Wednesday, April 1, 2009
The sponsor of the "Pay for Performance Act of 2009" gives his reasoning in a Huffington Post piece today. Freshman Rep. Alan Grayson (left), who introduced the bill, is a Harvard Law grad who was a staff clerk at the D.C. Circuit and used to do government contracts work at the Fried, Frank ifirm n D.C., but his explanation for why his bill is reasonable contains some dubious legal reasoning. His basic argument is that "the taxpayers are owners [of these covered institutions], and owners of companies set salaries for their employees."
Setting aside whether the bill is a good idea -- lots of folks are lining up on either side -- Grayson's legal analysis is wrong. The "taxpayers" (to pick nits, it's the 'government," not the "taxpayers" that owns the stake) certainly have an ownership interest in those entities where the government has taken a capital stake.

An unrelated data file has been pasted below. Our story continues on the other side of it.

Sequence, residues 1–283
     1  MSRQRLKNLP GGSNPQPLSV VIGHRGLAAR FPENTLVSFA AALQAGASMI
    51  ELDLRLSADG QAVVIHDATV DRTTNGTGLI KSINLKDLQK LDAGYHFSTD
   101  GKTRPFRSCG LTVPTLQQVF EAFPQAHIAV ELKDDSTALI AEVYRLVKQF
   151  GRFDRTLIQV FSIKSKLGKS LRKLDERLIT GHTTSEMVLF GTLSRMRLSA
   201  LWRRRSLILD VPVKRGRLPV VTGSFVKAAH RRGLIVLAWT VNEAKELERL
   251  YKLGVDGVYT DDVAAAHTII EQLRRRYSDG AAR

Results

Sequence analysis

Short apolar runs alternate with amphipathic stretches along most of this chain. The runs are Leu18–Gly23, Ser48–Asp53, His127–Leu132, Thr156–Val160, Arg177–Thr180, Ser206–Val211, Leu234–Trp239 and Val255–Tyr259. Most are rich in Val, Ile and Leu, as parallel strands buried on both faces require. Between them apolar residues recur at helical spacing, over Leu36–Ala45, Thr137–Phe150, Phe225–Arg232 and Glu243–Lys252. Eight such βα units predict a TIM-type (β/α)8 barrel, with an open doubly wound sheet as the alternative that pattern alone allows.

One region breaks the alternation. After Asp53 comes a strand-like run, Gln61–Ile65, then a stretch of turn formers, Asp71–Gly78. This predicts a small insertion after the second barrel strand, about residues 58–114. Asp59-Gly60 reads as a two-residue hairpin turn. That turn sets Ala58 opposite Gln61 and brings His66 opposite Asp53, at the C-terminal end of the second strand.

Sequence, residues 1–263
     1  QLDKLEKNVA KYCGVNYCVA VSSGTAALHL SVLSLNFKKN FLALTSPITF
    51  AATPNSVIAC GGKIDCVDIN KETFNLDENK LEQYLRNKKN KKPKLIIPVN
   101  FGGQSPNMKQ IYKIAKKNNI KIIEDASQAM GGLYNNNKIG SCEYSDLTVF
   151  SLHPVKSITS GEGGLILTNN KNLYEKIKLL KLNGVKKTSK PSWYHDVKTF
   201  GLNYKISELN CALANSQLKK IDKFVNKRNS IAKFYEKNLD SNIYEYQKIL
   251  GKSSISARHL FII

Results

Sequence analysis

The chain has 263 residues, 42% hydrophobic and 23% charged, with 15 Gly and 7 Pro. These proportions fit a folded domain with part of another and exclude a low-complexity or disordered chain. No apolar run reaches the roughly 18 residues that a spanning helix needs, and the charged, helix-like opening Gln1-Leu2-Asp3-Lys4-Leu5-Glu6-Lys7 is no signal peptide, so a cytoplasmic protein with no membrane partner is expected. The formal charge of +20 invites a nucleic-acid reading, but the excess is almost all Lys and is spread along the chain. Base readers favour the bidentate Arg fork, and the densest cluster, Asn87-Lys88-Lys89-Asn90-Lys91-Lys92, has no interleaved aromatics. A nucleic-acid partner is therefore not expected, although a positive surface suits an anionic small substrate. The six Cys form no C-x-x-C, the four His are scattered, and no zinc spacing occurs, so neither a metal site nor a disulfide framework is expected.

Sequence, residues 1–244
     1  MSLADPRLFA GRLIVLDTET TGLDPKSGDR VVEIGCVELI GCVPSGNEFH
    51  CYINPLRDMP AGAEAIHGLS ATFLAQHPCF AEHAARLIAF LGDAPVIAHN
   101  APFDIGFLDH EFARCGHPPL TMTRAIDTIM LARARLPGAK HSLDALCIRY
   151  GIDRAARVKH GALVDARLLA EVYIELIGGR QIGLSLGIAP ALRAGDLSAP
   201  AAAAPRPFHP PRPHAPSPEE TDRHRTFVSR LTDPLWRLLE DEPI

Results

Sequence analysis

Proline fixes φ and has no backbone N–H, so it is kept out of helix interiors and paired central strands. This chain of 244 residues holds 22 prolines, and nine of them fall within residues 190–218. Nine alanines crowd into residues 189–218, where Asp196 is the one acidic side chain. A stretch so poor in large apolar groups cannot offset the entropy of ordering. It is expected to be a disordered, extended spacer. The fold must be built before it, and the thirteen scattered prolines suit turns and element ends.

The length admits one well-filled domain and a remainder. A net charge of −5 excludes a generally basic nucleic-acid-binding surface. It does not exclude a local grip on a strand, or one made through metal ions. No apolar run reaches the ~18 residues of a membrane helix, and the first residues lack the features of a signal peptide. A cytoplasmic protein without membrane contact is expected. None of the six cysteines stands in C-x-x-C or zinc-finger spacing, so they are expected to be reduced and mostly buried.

But it's not true that "owners" of public companies "set salaries for their employees." It is the directors of a company who are responsible for making decisions on employment and compensation -- the owners' only remedy is to fire the directors. That's not a nit-picky distinction. There's a solid line of cases going back to McQuade v. Stoneham (1934) which hold that any attempt by shareholders to bind directors to whom they can employ and at what compensation is void. Directors are free to ignore commands from their majority shareholders, and are, in fact, required to do so if they believe that the action isn't in the firm's best interest.
None of this is to say that the government can't do this -- that's one for the Con Law folks, probably -- but it is curious that a highly trainsed lawyer has offered a pretty dubious legal analysis in support of it.
[NOTE: Edited to remove erroneous description of the scope of the act. F.S.]